Why should I care about brand values? And who are you anyway?
Writing a vision for your business is a bit fluffy and "woo woo" isn't it? And don't mention thinking about your brand values - who cares anyway?
It's true. I still come across companies, nay brands (they like to think), that believe it's all airy fairy nonsense and not for them. Or rather, it isn't a priority for them at the moment. They've got the day to day stuff to occupy them. The challenges of owning a business and staying afloat in very turbulent times.
I get all this. I really do. But let me turn it around for a minute. I was sitting in a networking group recently where the key challenges around the room for each business was lead generation. Lead generation, oh and employee management. And by that I mean, keeping the employees they have, ensuring their loyalty and continued "happiness" which in turn leads to high engagement and productivity. So 2 core issues, both, in many ways, caused by not being clear about their business and in particular their vision and values - what it represents and how it can benefit both client and team member.
In the last couple of weeks I've spoken to 3 current clients across 3 very different sectors (accountancy, credit insurance and networking) who have all said that the work they've done around the vision and values of their business has been far more successful than they ever imagined. Far more successful for 3 reasons:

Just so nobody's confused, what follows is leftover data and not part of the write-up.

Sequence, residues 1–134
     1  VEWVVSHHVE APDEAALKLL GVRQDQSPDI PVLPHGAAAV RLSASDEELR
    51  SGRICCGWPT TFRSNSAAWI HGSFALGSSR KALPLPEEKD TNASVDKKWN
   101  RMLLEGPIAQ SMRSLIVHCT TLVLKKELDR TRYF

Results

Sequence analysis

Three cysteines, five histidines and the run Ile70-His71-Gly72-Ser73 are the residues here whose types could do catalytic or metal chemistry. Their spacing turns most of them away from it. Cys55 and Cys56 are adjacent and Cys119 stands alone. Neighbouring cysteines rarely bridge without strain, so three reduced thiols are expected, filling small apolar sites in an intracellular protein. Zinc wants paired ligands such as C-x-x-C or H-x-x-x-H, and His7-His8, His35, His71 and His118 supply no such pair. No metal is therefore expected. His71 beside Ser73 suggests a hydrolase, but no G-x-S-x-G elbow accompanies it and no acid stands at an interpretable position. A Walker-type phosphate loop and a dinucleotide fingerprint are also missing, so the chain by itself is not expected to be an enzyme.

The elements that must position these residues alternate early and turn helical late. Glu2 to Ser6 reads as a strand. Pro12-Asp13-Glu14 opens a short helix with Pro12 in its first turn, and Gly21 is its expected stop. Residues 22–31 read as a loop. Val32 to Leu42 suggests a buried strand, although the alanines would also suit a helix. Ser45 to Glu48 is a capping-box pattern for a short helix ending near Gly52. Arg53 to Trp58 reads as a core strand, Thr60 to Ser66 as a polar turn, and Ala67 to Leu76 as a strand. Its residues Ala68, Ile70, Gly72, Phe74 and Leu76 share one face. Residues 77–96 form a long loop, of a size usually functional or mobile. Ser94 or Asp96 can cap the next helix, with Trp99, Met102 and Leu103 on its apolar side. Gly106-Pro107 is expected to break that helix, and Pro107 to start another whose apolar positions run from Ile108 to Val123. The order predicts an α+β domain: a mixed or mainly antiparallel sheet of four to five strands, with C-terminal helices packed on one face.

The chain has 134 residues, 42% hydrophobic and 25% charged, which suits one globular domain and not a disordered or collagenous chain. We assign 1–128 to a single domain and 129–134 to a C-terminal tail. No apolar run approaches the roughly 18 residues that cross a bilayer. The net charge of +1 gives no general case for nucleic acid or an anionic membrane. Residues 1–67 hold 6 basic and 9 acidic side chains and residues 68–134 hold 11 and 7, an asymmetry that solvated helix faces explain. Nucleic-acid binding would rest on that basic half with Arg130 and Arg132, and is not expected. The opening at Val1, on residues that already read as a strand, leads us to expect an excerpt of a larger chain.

For the first time in a while the team has felt united. United and connected. Each member knows where they're going and what the company values most of all. This has given them a sense of confidence and has also helped them to assess their day to day and how / why they are doing certain things rather than others. The result? A more contented and aligned team with a greater sense of energy and purpose
A stronger identity in a highly competitive market
This sense of identify has resulted in, again, a confidence and a permission to "be themselves". Most of us get caught up in the endless cost conversations but if you get it right, having a vision and values, and communicating them effectively puts you on a road where you can talk about the benefits of working with your business rather than scrabbling about trying to cover cost and a little bit of margin. The result isn't overnight but with consistent communication and subsequent behaviours, a business with a point of view and a value set begins to stand out in the market and become a beacon rather than an "also ran". The true benefit? Perceived value of your product or service beyond price.
Easy and more successful recruitment
If you know what you stand for and you have the tools to communicate that to candidates, you stand half a chance of finding the right person for the job, and more importantly the right person for YOU. If someone understands your business beyond the nuts and bolts then they can actively choose or walk away. They either identify or get turned off. As simple and as effective as that. And if they identify, they more quickly integrate successfully into the business. They "bond" better if you like. An early bonding results in early commitment and loyalty and hopefully a happy and effective recruit.
That's the 3 but here's ONE MORE...